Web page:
It's that time of year—if you're continuing your education by making plans to attend college or graduate school, you've likely just chosen which school you'll be attending next year.
But you can't take a break just yet.
While you may have already met with your school's financial aid office earlier in the application process, it's important for you to stay in touch as a new student. Keeping in contact with the financial aid office can lead to new scholarship and grant opportunities to help you better understand how to pay for school.
There's no better time to set up a meeting with your school's financial aid office than after you've decided where to attend. Not only can a financial aid officer answer any specific questions you might have about your award package, but there could still be many opportunities for you to earn more financial aid.
Here at CommonBond, we've outlined the 4 most important questions to ask your financial aid office after you've chosen which school to attend, whether you're bound for college or a postgraduate program.
1. Is there any unclaimed or extra scholarship or grant money available?
Most schools will accept more students than will actually enroll, and students withdraw their applications or change their mind throughout the summer. When this happens, it may potentially free up award money initially intended for students who are no longer attending the school, leaving many of these funds unclaimed.
Asking about unclaimed scholarship or grant money means you could receive more gift aid—money you don't have to pay back after graduation. This is always smart, as it reduces the amount of debt you're ultimately responsible for and reduces the amount of loans you'll have to pay back.
2. What are the requirements of work-study jobs?
If you demonstrate financial need—the cost of attending college that isn't covered by your expected family contribution or outside grants or scholarships—you might qualify for a work-study job. The federal work-study program is designed as an additional form of financial aid that's paid to you directly, as opposed to being applied to your financial aid package.
Beyond the requirement to demonstrate financial need, when you apply for work-study is also a major factor in finding a work-study job. There may be limited positions and funding available, so it's important to consult your financial aid office as early as possible if you hope to take advantage of any available jobs. Jobs are typically available at the start of the academic year but may also be up for grabs during the year.
While income from work-study jobs is typically paid to you directly, if you're comfortable with the discretionary income you have available to you, you can elect to have your work-study payments applied directly to your tuition and room-and-board costs instead of your bank account. Since this is an optional request, you'd have to specifically ask your financial aid officer to direct your work-study earnings in this manner.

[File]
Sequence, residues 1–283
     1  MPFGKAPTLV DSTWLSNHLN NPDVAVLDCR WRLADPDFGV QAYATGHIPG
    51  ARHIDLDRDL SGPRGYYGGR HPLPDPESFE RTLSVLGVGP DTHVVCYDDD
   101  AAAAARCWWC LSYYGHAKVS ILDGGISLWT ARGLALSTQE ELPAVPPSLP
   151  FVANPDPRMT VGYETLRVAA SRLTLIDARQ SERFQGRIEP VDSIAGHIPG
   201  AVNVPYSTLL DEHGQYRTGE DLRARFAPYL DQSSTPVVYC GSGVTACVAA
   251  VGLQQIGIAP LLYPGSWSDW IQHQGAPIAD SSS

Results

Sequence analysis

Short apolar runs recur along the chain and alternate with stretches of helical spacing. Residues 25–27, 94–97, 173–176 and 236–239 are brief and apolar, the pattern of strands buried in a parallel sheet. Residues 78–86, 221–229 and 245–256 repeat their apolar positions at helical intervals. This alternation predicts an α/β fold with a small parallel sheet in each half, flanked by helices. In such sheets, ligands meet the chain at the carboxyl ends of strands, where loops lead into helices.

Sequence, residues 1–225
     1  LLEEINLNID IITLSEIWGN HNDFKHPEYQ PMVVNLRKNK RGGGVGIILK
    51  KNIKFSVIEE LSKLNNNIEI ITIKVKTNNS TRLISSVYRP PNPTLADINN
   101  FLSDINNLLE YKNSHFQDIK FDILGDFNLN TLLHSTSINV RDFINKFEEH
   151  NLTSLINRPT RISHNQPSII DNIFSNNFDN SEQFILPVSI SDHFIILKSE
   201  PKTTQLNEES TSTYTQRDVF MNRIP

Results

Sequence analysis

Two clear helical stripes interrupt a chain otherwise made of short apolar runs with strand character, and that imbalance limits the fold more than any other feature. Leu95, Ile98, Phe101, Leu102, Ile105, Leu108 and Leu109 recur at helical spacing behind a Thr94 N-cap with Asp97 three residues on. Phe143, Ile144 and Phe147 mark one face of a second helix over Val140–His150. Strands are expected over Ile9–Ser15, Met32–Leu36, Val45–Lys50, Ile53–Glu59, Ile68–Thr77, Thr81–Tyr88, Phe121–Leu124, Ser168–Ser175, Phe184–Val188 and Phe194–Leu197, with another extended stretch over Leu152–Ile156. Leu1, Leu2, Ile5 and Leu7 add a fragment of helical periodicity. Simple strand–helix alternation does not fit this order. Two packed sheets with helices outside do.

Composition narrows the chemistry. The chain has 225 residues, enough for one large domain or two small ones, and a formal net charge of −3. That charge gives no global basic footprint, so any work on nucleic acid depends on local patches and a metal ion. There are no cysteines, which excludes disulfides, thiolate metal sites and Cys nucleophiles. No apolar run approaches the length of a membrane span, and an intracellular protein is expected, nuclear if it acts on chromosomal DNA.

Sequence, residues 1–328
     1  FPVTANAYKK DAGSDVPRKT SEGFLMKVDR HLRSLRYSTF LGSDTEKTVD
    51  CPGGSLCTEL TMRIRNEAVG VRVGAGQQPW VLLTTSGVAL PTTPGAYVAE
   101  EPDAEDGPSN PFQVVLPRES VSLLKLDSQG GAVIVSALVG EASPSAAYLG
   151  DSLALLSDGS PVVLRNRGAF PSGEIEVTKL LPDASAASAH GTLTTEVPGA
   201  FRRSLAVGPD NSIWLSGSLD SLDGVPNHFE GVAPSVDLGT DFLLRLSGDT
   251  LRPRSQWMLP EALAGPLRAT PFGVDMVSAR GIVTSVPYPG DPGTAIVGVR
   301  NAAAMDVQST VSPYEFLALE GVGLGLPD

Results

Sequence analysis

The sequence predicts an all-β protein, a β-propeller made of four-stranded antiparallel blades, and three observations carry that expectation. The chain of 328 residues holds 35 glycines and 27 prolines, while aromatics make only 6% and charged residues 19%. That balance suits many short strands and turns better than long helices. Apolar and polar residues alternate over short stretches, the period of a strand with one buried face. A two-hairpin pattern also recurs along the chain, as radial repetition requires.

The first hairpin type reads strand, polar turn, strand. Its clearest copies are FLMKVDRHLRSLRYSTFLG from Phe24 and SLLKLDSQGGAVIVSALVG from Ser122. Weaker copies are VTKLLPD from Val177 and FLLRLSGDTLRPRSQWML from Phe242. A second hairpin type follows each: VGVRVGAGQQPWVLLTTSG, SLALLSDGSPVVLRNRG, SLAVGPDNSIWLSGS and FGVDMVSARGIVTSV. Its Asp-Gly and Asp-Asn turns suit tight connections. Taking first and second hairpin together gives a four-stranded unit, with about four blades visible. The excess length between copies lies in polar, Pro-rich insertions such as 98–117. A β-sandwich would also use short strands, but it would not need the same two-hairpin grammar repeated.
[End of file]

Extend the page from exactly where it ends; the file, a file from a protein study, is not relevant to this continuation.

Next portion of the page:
The specific limitations of work-study jobs sometimes vary depending on the school you attend. For instance, there may be a maximum amount of hours you can work per week based on your course schedule, academic progress and performance. Your work-study job might be required to be related to your major, may take place on- or off-campus and is guaranteed to pay at least the federal minimum wage.
3. Does your school offer tuition payment plans?
Even after your financial aid, scholarships, grants and loans are applied to the total cost of your tuition, you might still owe some money to your school. A tuition payment plan might be available to make paying these expenses a little bit easier.
Think of a tuition payment plan as paying your dues in small, bite-sized chunks instead of all at once. Rather than paying your annual tuition in one big lump sum, it will be broken down over a period of time, usually eight to 12 months. This allows you to more easily handle what could otherwise be a daunting and overwhelming cost.
One of the biggest benefits of a tuition payment plan is that the plan is almost interest-free, if not entirely free of accumulating interest. While this sounds like a loan, a tuition payment plan is exactly what it says it is—a payment plan. It allows you to essentially put your tuition bill on "lay-away" to more easily make payments over a short time instead of all at once.
There may simply be a small, nominal fee or monthly finance charge tacked onto your tuition payment plan to set the plan up or a small monthly finance charge. Depending on these fees, you may be better off saving your money and letting it collect interest, then paying off your annual tuition when the bill arrives.
4. If private loans are your next best option, how can the aid office help?
Private loans, offered by lenders such as CommonBond, are a great way to bridge the gap that may be left over after other sources of financial aid have been expended. Private loans also present the opportunity for you to establish and build credit while you're still in school—an important factor when it comes to making major purchases, like a new car or your first home, later on in life.
A financial aid officer can point you in the direction of private loans geared toward students, which often have lower interest rates than you could find on your own. For example, CommonBond offers variable (2.88-8.72% APR) and fixed (5.50-9.67% APR).
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